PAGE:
The first version of the proposal presented at the November 7, 2016 Trustee meeting stated at the top “moratorium on development approvals in residential zones in the village of Airmont” and the text of the moratorium said that “the purpose of this local law is to temporarily suspend... development in residential and multifamily zones.” The commercial zone was not in the moratorium even though they project there were mentioned at the first meeting and even though Airmont had more open applications in the commercial zone than in the residential zone. Members of the Orthodox Jewish community at the meeting cried foul claiming that this proves the moratorium is aimed at Jewish houses of worship – more likely to be in residential zones - and the moratorium was tabled.

The moratorium was scheduled to be brought up again for a vote at the Board of Trustees meeting this time on Monday December 5, 2016, but Rockland County’s Department of Planning sent a letter to the Village dated December 1st stating that the moratorium language should state commercial zones too. This letter caused the planned public meeting to be canceled because the moratorium version for this meeting only referenced residential zones.

Suppressing Public Participation

The Village updated the proposal to include commercial zones and was preparing to vote on it January 3, 2017. Due to the massive public interest from the Orthodox Jewish community, the Village announced that instead of the meeting taking place at Village Hall, the meeting would be held at Town of Ramapo hall which is a mile up and can accommodate a much larger audience.

The meeting was called for 7:30 but by 7:00 it was almost impossible for anyone to enter the room at Town Hall where the meeting was set to be held. After a call to order, reciting the Pledge of Allegiance and a few resolutions, the public hearing and public comment for the moratorium started.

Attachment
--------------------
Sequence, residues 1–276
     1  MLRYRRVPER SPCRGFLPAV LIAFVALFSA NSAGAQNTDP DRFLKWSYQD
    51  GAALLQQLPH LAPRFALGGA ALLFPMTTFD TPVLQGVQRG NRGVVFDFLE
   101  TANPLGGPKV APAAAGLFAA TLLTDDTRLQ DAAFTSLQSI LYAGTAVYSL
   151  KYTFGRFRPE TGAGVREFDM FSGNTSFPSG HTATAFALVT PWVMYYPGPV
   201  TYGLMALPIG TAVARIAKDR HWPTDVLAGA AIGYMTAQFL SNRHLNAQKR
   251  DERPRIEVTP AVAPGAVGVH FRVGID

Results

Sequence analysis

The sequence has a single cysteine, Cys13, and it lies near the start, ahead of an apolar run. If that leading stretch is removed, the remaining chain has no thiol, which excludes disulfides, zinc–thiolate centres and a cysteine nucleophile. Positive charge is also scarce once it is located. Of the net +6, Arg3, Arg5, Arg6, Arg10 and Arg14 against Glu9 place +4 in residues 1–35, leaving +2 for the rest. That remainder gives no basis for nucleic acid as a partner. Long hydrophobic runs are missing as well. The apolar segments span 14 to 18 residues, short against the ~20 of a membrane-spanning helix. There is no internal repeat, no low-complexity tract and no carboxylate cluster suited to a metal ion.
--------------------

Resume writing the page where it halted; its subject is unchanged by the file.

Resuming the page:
After a series of public comments, the Board asked everyone to leave for the Executive Session, but the crowd remained in the room. The board members left Town Hall and held their Executive Session at Village Hall. Then, at approximately 10:00 pm they reappeared, this time to an even larger crowd than before and the moratorium was again tabled. Finally, on February 8, 2017 the moratorium passed in a 3-2 vote and it was to be in effect through early September 2017. (The two Trustees who voted against the moratorium lost re-election a month later.)

The Village website states that “on July 17, 2017, the Village Board of Trustees extended the Moratorium on building development within the Village of Airmont for an additional six months {March 8, 2018}.” However, the proposed extension of the moratorium was not placed on the agenda which is usually made public days before a scheduled meeting.

Summary

In summary, a village created in part with the goal to curtail accommodations to the Orthodox Jewish community’ a village who was found guilty in one lawsuit regarding religious discrimination and settled another lawsuit with similar concerns, introduced a moratorium that took aim at houses of worship as seen from what was said by lawmakers and what was missing from the moratorium language. The board used an executive session as a tool to extract itself from a crowd of mostly Orthodox Jews opposing the moratorium and the moratorium was later extended without the regular public notice. The moratorium is in place ostensibly to give the village time to review its land use laws adapted because of a DOJ lawsuit that the village settled in 2011 for targeting Yeshivas. Finally, the moratorium’s introduction, debate, implementation and extension took place over a period of time that the village adapted many ordinances which disproportionately – if not intentionally – target the Orthodox Jewish community. More about those in our forthcoming follow-up writing.

(You can read Part Two and Part Three of our Airmont and Discrimination series.)